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'It's like cancer, it knows no boundaries' | Reports of human trafficking on the rise in East Tennessee

In 2021, the TBI Human Trafficking Unit conducted 13 undercover operations across the state, including several in East Tennessee.

SEVIER COUNTY, Tenn. — According to the Community Coalition Against Human Trafficking (CCAHT), reports of human trafficking in East Tennessee are becoming more prevalent.

"There's so much victim-blaming to human trafficking, and these individuals, they need us to advocate for them," explained Rana Zakaria, a community educator with CCAHT.

In April, the Tennessee Bureau of Investigation announced eight men are behind bars after a two-day operation in Sevier County to address human trafficking.

In 2021, the TBI Human Trafficking Unit conducted 13 undercover operations across the state, including several in East Tennessee.

More than 130 people were arrested during those investigations.

On average, 85 minors are trafficked in Tennessee every month.

Across 33 counties in East Tennessee, Zakaria said this underreported crime is more common than most people think.

"Lots of times, folks are shocked and surprised," she explained. "We have worked with clients from the youngest age of three all the way up to 60. It's like cancer. It knows no boundaries." 

In 2021, CCAHT, which is based in East Tennessee, received 300 reports of human trafficking.

This year, the coalition has received 85 and Zakaria predicts more are on the way.

She said what's happening in East Tennessee is not similar to how trafficking is displayed in movies or shows.

"It's actually the complete opposite," she said. "Lots of times, victims are targeted or exploited by someone that they did know. They're related to this person, they're in a relationship with this person, making it the perfect crime."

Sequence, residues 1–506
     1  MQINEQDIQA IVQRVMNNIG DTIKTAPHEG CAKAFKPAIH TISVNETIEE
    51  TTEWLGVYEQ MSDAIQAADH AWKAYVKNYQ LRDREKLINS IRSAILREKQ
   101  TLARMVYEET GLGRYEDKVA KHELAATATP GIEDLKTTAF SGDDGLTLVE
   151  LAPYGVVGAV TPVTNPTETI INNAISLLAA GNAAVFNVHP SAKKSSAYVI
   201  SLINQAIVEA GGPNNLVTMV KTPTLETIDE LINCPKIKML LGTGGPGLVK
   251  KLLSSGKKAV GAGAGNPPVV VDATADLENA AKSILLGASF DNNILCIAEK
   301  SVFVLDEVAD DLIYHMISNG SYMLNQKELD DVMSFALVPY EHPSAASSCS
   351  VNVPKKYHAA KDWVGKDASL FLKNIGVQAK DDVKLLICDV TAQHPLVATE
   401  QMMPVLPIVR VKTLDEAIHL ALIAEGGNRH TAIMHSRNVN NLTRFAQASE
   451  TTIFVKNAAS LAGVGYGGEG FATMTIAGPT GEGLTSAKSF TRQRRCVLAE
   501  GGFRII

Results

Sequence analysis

This "perfect crime" leaves a life-long impact on its victims.

"They need a safe place where they could find healing and hope," said Devin Payne, the executive director at Street Hope TN.

Street Hope TN is a local non-profit with a mission to end child sex slavery.

A new resource founded by the organization is hoping to be a place of refuge for young human trafficking survivors.

Garland Oaks is one of the first safe homes in Tennessee for 12 to 17-year-old girls.

 "We do have resources in the state of Tennessee, for safe housing and restoration for adults, but when it comes to children, there are none. Not really," explained Payne.

The home is sitting in an undisclosed location in East Tennessee to protect those staying there.

It opened in April and is now ready to serve survivors on a referral basis.

"The whole idea is when they leave, that they are empowered to thrive," Payne said.

Girls at Garland Oaks will receive education, therapy, and other enrichment opportunities.

There are a number of ways community members can step up to help make the new home a success.

"You can sign up to be a prayer partner for our ministry and for the girls that are in this home. We believe that makes a forever impact," Payne said.

You can also donate money, gift cards, or items from the Garland Oaks Amazon registry.

Click here to learn more about Garland Oaks and its mission.

CCAHT offers free courses to teach people in East Tennessee how to recognize and respond to human trafficking.

The training sessions are conducted in person or via Zoom.

"Sign up for a training because then we can kind of address all those questions that [you] have," Zakaria said. "We can talk about the basics for folks that just want to know more about it, and then we can go really into detail with folks that are in social work or human services, even law enforcement or medical professionals."


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